This tree is identified by its furry fruit and furry leaves
(underside). The fur on the leaves conserve water by trapping a
layer of insulating air and thus reduce water loss through
Uses as food: The seeds are boiled and eaten, in some places,
they are sold in markets as vegetables. The fragrant flowers produce
nectar and are pollinated by insects. Avicennia produces some of the
Other uses: This fast growing mangrove tree is among the few used
in replanting mangroves to protect coastlines (the others are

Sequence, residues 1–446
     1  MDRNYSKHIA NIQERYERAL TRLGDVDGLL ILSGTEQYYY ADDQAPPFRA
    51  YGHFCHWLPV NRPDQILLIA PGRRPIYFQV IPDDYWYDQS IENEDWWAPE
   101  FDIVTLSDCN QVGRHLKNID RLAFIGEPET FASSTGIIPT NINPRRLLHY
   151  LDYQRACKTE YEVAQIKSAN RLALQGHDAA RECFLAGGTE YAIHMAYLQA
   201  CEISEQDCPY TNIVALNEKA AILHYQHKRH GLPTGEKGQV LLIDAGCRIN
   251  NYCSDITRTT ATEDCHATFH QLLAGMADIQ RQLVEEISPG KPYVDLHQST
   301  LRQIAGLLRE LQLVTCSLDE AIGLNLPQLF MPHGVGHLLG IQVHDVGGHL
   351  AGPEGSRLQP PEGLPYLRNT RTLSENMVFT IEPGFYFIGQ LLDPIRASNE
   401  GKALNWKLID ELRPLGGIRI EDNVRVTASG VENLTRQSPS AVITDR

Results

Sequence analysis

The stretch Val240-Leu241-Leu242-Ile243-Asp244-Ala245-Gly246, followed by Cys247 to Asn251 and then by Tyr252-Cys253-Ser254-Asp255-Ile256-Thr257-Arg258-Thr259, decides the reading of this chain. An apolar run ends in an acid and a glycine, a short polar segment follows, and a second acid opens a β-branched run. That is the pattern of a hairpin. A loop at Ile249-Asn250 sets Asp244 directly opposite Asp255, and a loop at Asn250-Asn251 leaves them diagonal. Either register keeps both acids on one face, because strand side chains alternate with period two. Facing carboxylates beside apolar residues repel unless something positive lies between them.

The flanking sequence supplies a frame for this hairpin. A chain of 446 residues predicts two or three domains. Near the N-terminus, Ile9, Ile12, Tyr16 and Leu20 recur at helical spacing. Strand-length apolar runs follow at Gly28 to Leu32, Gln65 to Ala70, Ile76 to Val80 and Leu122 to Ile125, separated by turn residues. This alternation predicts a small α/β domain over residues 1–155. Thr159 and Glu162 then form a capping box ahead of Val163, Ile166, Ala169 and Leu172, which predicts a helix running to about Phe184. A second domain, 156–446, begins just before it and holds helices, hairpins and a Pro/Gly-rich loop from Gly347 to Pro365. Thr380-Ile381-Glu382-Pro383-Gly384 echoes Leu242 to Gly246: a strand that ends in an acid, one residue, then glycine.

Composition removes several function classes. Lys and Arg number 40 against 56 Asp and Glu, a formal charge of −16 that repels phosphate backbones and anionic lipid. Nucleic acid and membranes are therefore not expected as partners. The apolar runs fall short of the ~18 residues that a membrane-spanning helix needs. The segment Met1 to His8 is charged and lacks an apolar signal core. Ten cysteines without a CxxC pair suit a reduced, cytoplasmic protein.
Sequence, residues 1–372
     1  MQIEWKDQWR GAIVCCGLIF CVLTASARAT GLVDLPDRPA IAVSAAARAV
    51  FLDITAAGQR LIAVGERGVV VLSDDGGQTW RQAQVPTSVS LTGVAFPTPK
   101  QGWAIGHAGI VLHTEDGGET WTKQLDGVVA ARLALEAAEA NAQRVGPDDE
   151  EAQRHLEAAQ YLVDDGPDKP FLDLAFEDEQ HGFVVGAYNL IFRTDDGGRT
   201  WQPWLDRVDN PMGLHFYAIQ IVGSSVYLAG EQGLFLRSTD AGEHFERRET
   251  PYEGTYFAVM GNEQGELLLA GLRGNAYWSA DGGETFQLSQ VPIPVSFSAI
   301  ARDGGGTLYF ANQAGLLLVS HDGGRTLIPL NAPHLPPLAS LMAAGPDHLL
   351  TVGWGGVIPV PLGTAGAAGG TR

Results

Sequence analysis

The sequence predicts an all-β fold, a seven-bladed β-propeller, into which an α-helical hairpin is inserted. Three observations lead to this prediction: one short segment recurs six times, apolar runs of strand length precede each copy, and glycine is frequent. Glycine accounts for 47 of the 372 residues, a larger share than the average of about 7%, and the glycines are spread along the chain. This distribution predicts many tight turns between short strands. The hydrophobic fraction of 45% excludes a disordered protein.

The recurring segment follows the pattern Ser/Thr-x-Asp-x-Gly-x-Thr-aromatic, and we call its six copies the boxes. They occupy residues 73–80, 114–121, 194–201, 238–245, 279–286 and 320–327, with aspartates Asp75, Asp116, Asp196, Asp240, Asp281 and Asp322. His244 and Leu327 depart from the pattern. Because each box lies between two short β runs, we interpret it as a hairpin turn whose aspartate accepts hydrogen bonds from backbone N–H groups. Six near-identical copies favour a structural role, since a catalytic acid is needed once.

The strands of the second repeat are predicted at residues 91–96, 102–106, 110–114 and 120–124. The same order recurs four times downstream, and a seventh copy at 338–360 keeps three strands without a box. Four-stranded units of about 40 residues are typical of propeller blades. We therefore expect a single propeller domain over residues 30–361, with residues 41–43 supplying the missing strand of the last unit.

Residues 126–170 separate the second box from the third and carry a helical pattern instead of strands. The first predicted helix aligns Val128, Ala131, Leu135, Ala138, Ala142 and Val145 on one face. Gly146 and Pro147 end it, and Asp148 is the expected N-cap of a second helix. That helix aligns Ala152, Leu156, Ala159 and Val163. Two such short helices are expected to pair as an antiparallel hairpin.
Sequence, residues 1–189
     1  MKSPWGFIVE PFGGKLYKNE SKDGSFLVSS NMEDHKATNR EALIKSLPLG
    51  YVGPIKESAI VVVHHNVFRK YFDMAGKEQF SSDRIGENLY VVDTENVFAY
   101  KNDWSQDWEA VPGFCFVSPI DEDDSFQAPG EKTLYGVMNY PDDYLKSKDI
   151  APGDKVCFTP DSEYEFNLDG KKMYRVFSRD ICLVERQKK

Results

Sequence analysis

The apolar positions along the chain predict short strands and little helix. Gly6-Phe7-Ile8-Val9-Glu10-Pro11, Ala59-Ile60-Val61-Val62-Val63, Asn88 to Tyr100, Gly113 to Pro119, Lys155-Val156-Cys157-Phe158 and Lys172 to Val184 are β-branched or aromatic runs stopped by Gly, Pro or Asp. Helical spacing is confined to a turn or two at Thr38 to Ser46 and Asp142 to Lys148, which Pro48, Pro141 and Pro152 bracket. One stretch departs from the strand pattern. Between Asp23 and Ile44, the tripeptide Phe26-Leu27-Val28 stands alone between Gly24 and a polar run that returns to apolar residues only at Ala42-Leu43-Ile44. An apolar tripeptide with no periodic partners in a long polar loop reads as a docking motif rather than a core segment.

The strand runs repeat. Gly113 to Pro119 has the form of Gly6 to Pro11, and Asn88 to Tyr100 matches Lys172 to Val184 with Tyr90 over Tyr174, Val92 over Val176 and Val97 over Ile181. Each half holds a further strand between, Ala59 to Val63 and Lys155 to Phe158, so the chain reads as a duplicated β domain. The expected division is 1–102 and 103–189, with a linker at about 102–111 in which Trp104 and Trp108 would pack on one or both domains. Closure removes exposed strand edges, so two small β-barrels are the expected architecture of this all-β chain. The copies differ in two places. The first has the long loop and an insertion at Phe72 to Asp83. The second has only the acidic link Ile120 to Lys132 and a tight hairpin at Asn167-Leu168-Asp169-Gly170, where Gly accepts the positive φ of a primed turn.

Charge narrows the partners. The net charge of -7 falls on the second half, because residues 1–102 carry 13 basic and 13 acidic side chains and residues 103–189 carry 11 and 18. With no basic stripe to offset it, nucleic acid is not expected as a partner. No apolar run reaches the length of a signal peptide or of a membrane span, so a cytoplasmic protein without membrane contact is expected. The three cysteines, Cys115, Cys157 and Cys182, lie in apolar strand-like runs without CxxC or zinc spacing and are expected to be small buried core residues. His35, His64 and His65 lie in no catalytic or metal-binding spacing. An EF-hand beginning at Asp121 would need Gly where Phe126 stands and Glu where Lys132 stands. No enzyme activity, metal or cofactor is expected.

Sonneratia and Rhizophora). It is rarely used to make charcoal and
is used as firewood only to smoke fish or rubber.
Roots: pencil-like pneumatophores emerge above ground from long
shallow underground roots.
Leaves: Satiny green above, underneath densely furred, yellowish
Flowers: Small, yellow, several together, forming a cross-shaped
Fruits: Woolly flat capsule containing one seed, green to yellowish